In my recent posts, The changing role of L&D: from “packaging” to “scaffolding” plus “social capability building” and Towards the Connected L&D Department I wrote about the need to move fro...
Via Susan Bainbridge
Your new post is loading...
Your new post is loading...
by Jordan Ellenberg
"What I learned from baseball about making learning fun."
"Baseball is a game. And math, for kids, is a game, too. Everything for them is a game. That’s the great thing about being a kid. In Little League, you play hard and you play to win, but it doesn’t actually matter who wins. And good coaches get this. They don’t get mad and they don’t throw you off the team. They don’t tell you that you stink at baseball, even if you do — they tell you what you need to do to get better, which everybody can do.
"What does it mean to coach math instead of teaching it? For C. J., it means I give him a “mystery number” to think about before bed. “I’m thinking of a mystery number, and when I multiply it by 2 and add 7, I get 29; what’s the mystery number?” And already you’re doing not just arithmetic but algebra.
"For his little sister, who’s 4, that’s too formal. But say we’re at the grocery store and we need four cans of soup and she brings me two, and I say, “So we need three more, right?” and she says, “No, Daddy!” That’s really funny when you’re 4. It’s a game, and it’s math."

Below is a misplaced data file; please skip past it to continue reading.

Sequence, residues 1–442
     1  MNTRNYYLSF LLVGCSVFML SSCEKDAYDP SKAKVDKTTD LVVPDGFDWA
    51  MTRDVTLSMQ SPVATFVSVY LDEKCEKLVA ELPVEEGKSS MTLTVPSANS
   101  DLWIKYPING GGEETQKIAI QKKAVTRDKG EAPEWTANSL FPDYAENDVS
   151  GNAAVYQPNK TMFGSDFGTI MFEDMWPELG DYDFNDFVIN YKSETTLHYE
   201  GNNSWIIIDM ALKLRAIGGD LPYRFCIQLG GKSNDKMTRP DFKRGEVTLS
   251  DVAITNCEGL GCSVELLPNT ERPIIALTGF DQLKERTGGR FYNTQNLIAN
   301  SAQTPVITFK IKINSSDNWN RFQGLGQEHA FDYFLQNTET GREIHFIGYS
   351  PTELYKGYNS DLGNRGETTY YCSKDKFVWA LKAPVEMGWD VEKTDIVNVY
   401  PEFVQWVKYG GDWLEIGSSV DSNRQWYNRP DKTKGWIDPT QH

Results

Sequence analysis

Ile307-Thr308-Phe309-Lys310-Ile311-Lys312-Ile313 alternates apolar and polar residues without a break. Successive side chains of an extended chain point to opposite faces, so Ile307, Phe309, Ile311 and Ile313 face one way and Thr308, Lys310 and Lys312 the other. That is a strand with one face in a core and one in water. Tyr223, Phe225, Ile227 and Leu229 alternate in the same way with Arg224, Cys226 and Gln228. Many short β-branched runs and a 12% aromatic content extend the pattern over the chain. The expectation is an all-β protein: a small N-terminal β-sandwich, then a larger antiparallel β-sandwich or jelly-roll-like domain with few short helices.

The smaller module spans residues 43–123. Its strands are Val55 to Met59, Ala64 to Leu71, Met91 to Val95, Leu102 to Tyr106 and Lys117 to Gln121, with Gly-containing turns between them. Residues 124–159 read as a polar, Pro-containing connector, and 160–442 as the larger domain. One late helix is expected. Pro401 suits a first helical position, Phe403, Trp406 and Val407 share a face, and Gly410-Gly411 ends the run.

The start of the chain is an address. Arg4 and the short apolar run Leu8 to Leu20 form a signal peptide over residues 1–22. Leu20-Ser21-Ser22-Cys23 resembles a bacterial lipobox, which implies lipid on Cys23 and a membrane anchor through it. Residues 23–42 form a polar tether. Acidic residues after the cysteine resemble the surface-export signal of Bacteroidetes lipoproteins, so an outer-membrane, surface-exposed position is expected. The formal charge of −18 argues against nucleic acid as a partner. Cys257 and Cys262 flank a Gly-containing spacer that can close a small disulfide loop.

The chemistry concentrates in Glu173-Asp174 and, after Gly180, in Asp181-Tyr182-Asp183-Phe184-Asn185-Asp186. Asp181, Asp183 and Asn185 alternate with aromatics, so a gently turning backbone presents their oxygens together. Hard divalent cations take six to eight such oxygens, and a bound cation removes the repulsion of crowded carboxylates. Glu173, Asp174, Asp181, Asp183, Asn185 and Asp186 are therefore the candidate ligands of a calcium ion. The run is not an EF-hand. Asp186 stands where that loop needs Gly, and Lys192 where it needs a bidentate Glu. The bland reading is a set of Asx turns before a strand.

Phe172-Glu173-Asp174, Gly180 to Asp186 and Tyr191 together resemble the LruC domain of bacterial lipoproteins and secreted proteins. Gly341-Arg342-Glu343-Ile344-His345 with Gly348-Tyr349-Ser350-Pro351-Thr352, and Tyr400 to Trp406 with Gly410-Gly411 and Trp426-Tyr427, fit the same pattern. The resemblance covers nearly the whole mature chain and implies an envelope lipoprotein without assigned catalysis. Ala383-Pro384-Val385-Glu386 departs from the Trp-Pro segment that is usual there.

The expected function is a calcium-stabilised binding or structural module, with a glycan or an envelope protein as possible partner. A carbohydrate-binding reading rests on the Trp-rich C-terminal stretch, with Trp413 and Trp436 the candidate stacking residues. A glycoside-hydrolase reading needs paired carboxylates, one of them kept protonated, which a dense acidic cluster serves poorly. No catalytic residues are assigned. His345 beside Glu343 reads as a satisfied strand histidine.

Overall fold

by Leslie Bass
"The adoption of technologies like mobile apps, cloud computing and game-based learning has helped students be more productive. From being consumers, students are now becoming creators and innovators, thanks to technology’s ubiquity.
"As universities continue to adopt new technology for higher education, here are some of the future learning trends to expect in the next few years:"
by Stephanie Simon
"Teachers unions are struggling to protect their political clout, but as the midterm elections approach, they’re fighting back with their most popular asset: the teachers themselves.
"Backed by tens of millions in cash and new data mining tools that let them personalize pitches to voters, the unions are sending armies of educators to run a huge get-out-the-vote effort aimed at reversing the red tide that swept Republicans into power across the country in 2010."
via Education Dive
"When it comes to teaching students to code, finding cheap or free software isn't the problem. (Just check out the 50+ tools in our updated EdSurge Coding Guide!) But finding inexpensive or free personnel who are trained in curriculum and coding instruction? Now that's a challenge. In comes Google, with a program that could cost nothing. Here's what students and teachers are saying about the CS First club."
by Valerie Strauss
"The Organization of Economic Cooperation and Development, which brings the world the international testing program of 15-year old studentsknown as PISA, just issued a new report called “Measuring Innovation in Education: A New Perspective, Educational Research and Innovation.”